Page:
Trumbull County and Warren disagree over waste treatment rates

By Ed Runyan


Trumbull County deputy Sanitary Engineer Gary Newbrough says the city of Warren has unilaterally imposed a 400 percent increase in the sewage-treatment rate it charges to the county, so the county may take similar action against the city.

Newbrough says Warren notified the county last year that the rate it charges the county to treat sewage from Champion Township and Lordstown will rise from the current rate of about $2 per 1,000 gallons in 2017 to $7.85 per thousand gallons in 2023.

If not challenged, the rate would require the county to increase the price it charges to customers in those areas by 200 percent to 300 percent, including businesses in Lordstown such as the General Motors assembly plant, Newbrough said.

“We are very hesitant to increase any sewer rates to the GM facility,” Newbrough said. The plant currently pays about $100,000 per month for waste treatment, but it would “more than double” under the increase, Newbrough said.

“The city has unilaterally said these are the rates you are going to pay, non-negotiable,” Newbrough said.

Warren Mayor Doug Franklin, however, says the city has tried to negotiate with Trumbull County and is prepared to negotiate again.

“We’ve been trying a year and a half to negotiate,” Franklin said. “We’ve tried to reach an agreement, and we’re still open to that,” the mayor said. “We’ve tried to negotiate in good faith, but it’s been hard to get to the table.”

Champion and Lordstown are part of the county’s Metropolitan Sewer District; cost to all customers in that district will rise to cover whatever increase Warren charges, Newbrough said.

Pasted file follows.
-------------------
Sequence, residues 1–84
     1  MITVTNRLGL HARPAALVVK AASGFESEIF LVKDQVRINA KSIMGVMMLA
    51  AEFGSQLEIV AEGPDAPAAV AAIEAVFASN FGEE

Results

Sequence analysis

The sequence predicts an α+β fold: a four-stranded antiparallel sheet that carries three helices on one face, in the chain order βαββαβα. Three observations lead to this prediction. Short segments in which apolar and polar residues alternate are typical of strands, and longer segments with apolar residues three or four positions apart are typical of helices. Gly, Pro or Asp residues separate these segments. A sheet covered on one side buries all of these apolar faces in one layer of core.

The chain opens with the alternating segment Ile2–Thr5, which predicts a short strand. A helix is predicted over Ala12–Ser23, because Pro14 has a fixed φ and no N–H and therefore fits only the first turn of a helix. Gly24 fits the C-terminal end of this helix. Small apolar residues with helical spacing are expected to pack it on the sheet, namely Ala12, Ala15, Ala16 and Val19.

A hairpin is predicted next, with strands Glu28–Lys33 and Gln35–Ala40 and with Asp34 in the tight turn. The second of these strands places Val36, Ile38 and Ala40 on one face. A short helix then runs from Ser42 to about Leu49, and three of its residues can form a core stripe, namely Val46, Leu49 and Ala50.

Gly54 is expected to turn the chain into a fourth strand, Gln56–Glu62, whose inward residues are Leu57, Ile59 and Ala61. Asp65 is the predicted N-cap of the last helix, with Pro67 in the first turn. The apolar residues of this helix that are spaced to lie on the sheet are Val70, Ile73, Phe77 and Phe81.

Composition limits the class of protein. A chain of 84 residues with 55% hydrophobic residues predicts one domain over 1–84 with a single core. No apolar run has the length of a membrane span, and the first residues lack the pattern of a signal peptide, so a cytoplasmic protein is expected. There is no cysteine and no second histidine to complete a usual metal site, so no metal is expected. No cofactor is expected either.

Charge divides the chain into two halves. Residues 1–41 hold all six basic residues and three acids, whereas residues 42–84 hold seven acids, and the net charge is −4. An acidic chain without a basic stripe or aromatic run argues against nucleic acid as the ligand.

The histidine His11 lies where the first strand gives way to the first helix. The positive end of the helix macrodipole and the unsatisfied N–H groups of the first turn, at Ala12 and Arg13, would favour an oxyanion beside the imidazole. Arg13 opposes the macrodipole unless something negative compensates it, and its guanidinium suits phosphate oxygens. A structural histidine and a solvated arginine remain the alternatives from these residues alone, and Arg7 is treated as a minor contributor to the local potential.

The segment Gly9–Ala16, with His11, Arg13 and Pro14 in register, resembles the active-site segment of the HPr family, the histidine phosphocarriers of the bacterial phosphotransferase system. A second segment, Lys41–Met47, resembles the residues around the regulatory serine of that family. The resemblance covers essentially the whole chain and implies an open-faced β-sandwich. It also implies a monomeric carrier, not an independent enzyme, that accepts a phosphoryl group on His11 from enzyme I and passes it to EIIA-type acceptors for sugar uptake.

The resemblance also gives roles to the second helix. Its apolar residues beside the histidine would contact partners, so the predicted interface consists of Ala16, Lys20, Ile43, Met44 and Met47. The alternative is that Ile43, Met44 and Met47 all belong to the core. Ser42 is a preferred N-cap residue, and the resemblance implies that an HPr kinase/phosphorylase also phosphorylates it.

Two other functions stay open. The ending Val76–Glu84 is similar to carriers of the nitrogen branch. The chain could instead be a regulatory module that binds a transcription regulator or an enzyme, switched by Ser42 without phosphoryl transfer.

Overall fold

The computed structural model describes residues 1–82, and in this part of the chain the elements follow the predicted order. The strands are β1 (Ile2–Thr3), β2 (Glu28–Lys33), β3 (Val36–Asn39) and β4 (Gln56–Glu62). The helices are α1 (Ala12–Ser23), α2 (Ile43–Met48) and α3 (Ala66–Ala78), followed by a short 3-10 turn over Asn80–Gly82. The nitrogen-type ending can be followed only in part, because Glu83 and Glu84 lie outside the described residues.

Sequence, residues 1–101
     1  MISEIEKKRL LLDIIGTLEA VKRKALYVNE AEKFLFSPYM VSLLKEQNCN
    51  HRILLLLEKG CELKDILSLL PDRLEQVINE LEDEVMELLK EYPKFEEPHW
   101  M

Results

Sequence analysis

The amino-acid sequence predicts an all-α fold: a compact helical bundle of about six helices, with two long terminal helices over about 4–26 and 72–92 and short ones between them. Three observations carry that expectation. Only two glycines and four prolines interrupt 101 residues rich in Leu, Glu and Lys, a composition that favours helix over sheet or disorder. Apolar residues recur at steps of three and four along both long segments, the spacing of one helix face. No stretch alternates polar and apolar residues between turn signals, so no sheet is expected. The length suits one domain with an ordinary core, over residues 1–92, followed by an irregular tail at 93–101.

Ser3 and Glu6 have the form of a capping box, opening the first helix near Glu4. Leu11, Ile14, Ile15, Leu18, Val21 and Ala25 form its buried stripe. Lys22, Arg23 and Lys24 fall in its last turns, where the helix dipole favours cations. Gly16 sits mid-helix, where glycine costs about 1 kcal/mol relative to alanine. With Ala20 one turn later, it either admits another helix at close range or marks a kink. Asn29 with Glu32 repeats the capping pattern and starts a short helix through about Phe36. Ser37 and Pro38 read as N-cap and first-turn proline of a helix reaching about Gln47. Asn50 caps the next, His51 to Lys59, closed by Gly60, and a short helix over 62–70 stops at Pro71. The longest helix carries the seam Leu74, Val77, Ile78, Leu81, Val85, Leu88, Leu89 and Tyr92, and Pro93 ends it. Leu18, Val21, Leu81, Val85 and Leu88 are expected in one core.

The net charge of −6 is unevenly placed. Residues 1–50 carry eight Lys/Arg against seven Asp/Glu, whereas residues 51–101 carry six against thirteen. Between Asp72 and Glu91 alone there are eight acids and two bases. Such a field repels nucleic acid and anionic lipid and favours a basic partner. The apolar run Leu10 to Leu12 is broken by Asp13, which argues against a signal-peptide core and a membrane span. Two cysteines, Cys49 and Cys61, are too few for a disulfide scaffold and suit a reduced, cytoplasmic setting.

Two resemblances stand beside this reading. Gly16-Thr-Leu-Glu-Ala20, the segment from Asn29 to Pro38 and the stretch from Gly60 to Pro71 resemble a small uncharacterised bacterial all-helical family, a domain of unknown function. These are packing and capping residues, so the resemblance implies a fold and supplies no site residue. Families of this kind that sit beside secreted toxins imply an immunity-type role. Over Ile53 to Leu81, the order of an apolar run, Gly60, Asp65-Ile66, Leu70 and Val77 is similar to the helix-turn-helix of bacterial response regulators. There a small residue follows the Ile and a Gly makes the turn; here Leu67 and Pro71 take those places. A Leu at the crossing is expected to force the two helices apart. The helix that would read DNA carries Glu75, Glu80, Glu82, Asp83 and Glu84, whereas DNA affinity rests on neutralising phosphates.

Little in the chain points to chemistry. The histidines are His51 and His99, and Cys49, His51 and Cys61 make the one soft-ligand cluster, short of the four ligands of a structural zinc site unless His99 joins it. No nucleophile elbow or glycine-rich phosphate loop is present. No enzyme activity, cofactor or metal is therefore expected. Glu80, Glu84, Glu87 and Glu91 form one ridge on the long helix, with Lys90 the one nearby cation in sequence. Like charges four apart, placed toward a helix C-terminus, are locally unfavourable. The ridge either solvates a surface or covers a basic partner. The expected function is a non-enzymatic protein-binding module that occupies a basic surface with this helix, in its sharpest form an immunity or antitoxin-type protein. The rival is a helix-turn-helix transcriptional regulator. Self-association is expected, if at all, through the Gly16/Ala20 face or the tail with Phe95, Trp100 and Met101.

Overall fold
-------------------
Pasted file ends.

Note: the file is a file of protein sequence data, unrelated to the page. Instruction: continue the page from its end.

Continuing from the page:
Warren has indicated that the higher rates are necessary to pay for a $70 million upgrade to the Warren waste-treatment plant, but by Newbrough’s calculations, the city is asking the county to absorb the entire cost of the upgrades.

Franklin says the city has never asked the county to pay any of its treatment-plant upgrades.

Trumbull County is Warren’s largest waste-treatment customer at about 30 percent, and the county is willing to pay its share of the $70 million upgrade, but not the entire $70 million, Newbrough said.

The city increased rates for Champion and Lordstown effective Jan. 1, saying it was acting in accordance with a city ordinance. It increased the price 400 percent, Newbrough said.

Newbrough said the county has not paid the increased rate. Franklin said the county is putting the money in escrow.

On today’s commissioners agenda is a resolution notifying Warren that the county will cancel its current agreement with Warren in 180 days governing the rate the county charges to the city to treat Warren sewage from a neighborhood along North Road in the city.

The county sent letters to those residents telling them their sewer rates will rise gradually by about 360 percent through 2024 if Warren is not willing to reconsider its position.

Franklin said the city does not want the county to raise the rate for those customers because it would create a different price for that area than other Warren residents pay.

Trumbull County Commissioner Mauro Cantalamessa said he is recusing himself from voting on the issue Wednesday because it involves him and his brother, Warren Safety Service director Enzo Cantalamessa.

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